• Stefan Getzik had a question about the present parking situation in the city which is stifling growth downtown.
    • This is a difficult issue which the city government is working on.
  • Bill Price did not have a question, but reminded us and the commissioner that the last time he was here, he and the other commissioners were presenting us with a check from the LSA for $200,000 for the Washington Park Main Pavilion project.
    • The commissioner said that the LSA process is an example of a government process which is free from any taint of favoritism. It is not a “walking around money” process, but one with open meetings and open votes on projects to help fund.
  • Joe Piszczor asked for ways Rotary could work in partnership with the county.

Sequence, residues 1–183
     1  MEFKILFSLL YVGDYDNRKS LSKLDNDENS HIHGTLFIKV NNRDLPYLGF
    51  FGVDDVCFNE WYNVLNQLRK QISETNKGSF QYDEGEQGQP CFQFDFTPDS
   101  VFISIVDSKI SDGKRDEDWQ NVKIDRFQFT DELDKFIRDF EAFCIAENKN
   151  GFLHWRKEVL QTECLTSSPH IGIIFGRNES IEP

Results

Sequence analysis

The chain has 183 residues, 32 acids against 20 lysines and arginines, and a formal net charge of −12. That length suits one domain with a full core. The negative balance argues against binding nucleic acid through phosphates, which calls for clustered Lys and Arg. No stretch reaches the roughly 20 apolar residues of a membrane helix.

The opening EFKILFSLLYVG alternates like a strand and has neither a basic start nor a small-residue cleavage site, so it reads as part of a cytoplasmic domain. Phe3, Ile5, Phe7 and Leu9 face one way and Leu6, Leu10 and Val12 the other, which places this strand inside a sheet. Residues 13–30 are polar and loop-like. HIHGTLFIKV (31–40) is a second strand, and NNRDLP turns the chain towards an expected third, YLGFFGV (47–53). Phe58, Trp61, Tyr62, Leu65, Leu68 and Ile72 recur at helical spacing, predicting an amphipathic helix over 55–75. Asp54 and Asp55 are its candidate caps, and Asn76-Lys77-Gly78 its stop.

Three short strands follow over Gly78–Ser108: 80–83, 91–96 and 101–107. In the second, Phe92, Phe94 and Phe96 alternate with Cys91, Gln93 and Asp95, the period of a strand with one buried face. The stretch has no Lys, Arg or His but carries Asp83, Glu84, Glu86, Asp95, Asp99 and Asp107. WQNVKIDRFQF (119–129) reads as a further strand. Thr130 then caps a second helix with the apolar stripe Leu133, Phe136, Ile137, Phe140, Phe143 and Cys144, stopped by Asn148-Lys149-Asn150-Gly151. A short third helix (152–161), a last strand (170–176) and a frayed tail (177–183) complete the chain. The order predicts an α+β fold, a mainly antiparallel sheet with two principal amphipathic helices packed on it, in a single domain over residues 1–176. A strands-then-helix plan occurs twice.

• No specific idea was proposed. Key is for us to identify the need, know the rules for cooperation, and go ahead, similarly with how we worked on the pavilion project.
  • Bill Price shared that he first met the commissioner when he and Susan experienced a home robbery. The state policeman who came to investigate was Commissioner Maggi, and they have maintained a friendship ever since.
President Andy thanked the commissioner and gave him a Rotary mug.
 
 
50/50 
Winner: Susan Price
Non-Winner: Bill West
 
Bill led us in the 4-Way Test
             
 
Washington Rotary
Washington
We meet Tuesdays at 12:00 PM
W & J College, The Commons
60 S. Lincoln St.
Washington, PA  15301
United States of America
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February 1, 1979
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February 1, 1987
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February 1, 1976
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February 2, 2018
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February 10, 2004
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February 16, 2017